Two years ago, Peter Pinette wrote a Maine Compass commentary about the national anthem (“Maine Compass: We should all respect our anthem,” Sept. 9. 2017).

The gist of this article was to question whether it is appropriate to only stand up and face the American flag during the playing of the national anthem at sporting events and, as a result, if kneeling down at this time (thereby showing disrespect) is to be considered inappropriate or reprehensible.  Throughout this article, he used the word “stand” only one time as compared to “God” nine times, and “prayer” 15 times.

I will be the first to state that the tradition of standing and facing the flag is the most appropriate response during the playing of the national anthem. But also, everyone singing along with the music used to be equally important as part of this respect package.  Additional parts used to be men taking their hats off and everyone placing their right hands over their hearts (or military personnel in uniform saluting) throughout the performance.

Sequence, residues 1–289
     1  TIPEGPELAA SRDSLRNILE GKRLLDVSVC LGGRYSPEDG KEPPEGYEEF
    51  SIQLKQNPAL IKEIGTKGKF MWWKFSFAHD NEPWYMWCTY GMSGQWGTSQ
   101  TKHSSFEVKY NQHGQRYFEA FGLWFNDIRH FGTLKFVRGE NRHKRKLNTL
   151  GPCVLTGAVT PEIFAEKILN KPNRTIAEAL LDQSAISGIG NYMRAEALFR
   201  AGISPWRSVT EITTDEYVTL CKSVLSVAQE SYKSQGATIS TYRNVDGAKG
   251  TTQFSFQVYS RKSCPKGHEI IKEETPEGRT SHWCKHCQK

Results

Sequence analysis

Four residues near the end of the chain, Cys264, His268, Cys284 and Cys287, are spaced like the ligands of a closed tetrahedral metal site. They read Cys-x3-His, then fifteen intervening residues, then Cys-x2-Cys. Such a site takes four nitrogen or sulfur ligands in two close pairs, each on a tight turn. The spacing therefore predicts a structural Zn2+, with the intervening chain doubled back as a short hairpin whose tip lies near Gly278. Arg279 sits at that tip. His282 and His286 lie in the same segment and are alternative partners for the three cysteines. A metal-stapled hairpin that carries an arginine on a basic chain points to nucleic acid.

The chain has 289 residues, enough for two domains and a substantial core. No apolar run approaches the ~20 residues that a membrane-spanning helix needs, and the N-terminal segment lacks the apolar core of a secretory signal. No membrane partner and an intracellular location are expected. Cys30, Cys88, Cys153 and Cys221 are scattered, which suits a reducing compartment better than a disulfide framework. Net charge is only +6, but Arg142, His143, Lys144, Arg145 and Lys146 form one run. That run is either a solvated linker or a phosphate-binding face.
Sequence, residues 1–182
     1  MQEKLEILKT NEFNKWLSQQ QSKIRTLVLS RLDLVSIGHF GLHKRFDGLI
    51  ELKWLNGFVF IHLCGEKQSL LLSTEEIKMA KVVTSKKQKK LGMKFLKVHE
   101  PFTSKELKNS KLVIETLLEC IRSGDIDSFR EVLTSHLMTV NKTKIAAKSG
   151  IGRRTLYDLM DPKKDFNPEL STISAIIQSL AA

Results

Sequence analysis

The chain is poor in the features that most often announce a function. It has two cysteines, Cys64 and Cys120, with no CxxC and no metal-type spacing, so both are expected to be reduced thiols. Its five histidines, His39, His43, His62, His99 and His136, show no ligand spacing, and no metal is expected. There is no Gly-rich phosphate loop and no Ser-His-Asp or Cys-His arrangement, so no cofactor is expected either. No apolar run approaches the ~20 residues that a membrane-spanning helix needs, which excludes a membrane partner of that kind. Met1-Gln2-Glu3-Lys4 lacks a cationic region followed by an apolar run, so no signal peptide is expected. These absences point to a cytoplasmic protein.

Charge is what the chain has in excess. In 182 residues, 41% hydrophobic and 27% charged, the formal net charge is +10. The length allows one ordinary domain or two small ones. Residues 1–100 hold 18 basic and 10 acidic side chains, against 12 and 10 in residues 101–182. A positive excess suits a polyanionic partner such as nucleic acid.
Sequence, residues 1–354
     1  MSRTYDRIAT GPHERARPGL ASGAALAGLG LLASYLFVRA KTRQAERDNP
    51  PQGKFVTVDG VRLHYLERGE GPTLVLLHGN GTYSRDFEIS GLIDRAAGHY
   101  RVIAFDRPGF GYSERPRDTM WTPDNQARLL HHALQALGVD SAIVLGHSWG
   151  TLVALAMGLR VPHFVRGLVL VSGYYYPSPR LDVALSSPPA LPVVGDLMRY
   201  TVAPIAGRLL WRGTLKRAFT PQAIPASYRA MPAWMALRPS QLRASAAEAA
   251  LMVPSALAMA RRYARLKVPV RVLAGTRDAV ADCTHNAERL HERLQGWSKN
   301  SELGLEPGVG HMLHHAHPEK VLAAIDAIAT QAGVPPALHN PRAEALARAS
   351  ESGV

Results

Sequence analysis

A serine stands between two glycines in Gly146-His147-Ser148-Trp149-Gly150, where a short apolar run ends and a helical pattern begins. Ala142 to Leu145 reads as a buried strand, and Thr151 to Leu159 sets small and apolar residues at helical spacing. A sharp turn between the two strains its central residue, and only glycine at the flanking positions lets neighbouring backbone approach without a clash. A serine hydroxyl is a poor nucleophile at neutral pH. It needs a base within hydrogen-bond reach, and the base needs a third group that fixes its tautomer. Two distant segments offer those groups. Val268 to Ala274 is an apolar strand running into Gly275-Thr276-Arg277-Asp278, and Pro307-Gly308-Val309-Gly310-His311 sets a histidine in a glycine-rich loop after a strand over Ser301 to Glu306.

I challenge everyone during their attendance at their next sporting event or even watching it on TV to watch what people are doing these days.  My guess is that many men keep their hats on, more than 70 percent of the people do not place their hands over their hearts, more than 50 percent of the people do not sing, and many people do not even face the flag.

If some people choose to not stand, but choose instead to kneel in prayer, at least they can show their respect to our nation by at least facing in the flag’s direction (not away from or in a closed circle) with their heads bowed down in prayer.

In these ongoing, extremely tenuous and difficult times, the United States of America can use all the prayers it can get.


Bill Harmon


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